Letitia Wright stars as King T'Challa's sister and Wakandan lead scientist Shuri in 2018's "Black Panther" and the Marvel Cinematic Universe as a whole. Less known, however, is that she briefly appears in Steven Spielberg's sci-fi epic "Ready Player One," which came out the exact same year as "Black Panther." In a true "blink and you'll miss it" moment, Letitia is seen in a surprisingly short scene where she and other rebels in the real world are working to fight against the evil corporation, Innovative Online Industries (IOI).

She is credited in the film as "Reb," which is short for her profession as a rebel. In an interview with Yahoo Movies, Wright went on to explain just how small of a role she had in the film by telling Yahoo Movies, "You might not even see my face but I've got a credit!" In a film dedicated to pop culture, Spielberg managed to fit in countless references to other works of art within the virtual reality world of "Ready Player One" and, while her role was small, it seems fitting that the star of one of Marvel's biggest box office successes was featured.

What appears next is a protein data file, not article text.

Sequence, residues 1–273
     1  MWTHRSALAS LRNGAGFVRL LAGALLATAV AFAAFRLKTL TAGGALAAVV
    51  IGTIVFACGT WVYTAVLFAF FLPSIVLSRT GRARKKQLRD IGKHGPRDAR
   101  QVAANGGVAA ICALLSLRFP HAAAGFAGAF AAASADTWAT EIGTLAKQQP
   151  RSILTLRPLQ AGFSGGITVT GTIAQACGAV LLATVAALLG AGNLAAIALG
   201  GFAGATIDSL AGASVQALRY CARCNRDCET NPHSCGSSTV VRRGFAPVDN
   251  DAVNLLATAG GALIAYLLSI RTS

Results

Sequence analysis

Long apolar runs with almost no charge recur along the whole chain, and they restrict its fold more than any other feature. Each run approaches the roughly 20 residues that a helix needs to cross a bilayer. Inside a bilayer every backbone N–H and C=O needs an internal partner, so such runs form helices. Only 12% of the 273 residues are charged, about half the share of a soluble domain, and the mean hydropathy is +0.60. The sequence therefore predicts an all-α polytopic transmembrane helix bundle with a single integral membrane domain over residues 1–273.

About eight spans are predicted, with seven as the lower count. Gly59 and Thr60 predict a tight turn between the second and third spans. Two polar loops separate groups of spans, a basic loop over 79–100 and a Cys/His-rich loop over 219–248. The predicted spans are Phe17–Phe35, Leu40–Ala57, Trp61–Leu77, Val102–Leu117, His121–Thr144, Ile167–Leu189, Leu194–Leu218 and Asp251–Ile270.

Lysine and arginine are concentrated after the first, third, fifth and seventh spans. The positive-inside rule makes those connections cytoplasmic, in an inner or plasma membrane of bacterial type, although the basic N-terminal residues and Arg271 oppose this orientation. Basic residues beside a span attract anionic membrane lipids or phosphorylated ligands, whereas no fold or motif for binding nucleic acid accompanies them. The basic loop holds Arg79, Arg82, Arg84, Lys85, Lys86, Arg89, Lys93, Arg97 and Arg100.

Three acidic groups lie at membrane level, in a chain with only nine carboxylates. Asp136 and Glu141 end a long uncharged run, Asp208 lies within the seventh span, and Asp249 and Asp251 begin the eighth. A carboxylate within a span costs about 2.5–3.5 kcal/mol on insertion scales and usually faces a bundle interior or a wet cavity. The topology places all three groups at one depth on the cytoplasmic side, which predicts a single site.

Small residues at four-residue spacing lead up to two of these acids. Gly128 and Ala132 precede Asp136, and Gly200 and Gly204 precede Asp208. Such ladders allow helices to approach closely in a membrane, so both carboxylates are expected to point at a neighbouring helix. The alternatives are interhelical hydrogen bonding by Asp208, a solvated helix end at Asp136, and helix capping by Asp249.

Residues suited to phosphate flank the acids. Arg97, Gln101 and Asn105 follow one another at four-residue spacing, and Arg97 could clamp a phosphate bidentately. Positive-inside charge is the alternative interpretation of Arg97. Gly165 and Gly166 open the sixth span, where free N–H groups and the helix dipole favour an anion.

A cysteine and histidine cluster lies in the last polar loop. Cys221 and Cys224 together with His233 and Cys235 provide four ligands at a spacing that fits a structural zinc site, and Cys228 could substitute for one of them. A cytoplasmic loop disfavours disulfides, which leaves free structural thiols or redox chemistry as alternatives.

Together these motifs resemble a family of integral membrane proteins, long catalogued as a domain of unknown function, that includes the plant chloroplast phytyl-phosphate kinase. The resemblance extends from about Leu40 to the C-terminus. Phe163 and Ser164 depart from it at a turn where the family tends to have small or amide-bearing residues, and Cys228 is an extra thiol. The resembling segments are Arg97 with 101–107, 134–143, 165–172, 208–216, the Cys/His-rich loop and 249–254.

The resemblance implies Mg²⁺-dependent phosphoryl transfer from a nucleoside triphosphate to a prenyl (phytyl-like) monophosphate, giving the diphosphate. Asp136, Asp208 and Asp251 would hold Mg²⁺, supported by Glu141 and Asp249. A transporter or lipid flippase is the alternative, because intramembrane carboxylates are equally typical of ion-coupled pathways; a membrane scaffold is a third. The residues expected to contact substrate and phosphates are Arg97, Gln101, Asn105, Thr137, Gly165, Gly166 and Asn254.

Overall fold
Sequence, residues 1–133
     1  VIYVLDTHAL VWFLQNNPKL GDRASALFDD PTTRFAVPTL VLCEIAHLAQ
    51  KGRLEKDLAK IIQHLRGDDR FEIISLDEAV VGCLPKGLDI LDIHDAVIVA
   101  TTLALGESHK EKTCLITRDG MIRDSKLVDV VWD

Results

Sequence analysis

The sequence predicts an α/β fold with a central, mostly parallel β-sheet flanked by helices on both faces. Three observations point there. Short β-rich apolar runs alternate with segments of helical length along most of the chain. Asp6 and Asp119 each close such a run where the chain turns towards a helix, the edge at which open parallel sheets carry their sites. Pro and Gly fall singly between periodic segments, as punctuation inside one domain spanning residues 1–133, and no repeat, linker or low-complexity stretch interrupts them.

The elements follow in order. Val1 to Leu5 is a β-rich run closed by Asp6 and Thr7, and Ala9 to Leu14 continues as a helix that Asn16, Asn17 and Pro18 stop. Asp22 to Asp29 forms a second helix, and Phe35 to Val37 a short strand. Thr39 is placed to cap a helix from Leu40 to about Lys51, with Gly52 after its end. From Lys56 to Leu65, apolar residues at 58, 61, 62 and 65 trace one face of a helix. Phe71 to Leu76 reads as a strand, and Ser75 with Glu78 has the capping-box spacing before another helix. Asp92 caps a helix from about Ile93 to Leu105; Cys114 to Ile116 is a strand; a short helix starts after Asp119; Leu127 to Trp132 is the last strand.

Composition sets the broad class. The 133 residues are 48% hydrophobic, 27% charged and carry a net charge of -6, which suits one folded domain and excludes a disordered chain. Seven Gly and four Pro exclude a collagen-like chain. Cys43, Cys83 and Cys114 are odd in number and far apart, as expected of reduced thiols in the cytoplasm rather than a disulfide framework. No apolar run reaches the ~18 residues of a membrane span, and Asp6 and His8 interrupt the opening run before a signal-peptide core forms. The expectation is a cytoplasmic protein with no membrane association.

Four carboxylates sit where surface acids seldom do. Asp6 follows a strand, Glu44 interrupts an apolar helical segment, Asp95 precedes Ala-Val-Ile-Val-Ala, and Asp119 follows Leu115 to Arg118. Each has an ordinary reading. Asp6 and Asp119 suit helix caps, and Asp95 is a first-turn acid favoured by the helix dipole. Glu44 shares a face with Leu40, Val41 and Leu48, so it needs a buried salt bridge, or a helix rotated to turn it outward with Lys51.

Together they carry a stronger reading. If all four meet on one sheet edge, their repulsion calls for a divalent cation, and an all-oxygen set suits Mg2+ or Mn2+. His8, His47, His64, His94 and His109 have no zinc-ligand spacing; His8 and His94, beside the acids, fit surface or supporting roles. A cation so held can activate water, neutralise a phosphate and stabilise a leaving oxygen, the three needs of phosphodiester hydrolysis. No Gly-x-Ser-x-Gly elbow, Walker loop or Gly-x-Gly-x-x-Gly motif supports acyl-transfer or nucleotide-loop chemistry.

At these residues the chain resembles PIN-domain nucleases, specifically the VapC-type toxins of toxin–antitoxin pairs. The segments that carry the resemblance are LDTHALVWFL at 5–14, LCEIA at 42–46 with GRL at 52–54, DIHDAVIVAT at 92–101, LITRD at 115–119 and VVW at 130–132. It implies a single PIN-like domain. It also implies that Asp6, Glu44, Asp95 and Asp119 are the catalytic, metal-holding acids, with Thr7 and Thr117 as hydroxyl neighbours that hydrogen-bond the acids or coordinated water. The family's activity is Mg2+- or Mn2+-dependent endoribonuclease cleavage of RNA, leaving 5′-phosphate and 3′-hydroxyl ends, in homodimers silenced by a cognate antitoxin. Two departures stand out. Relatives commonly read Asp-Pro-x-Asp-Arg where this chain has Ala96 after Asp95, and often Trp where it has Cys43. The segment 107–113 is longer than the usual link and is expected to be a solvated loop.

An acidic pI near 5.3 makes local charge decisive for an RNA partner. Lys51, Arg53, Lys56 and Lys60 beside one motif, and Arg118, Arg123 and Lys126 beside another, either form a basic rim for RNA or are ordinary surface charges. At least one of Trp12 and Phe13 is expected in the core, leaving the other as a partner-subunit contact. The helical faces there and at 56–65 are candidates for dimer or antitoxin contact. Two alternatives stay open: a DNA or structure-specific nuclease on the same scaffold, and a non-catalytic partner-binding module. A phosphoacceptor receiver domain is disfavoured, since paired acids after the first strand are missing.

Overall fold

Bryan Cranston in Saving Private Ryan

"Saving Private Ryan" is one of Steven Spielberg's most somber, intense, and dramatic films, and consistently ranked as one of the greatest films of all time. One of the things that makes it so memorable to audiences is the talented cast of actors including Tom Hanks, Matt Damon, Vin Diesel, Barry Pepper, and many more, some of which were already household names and others who would become that. The film is also known for featuring countless actors in smaller roles who are easy to forget despite their fame and notoriety. One of these examples is Bryan Cranston in the role of the War Department Colonel.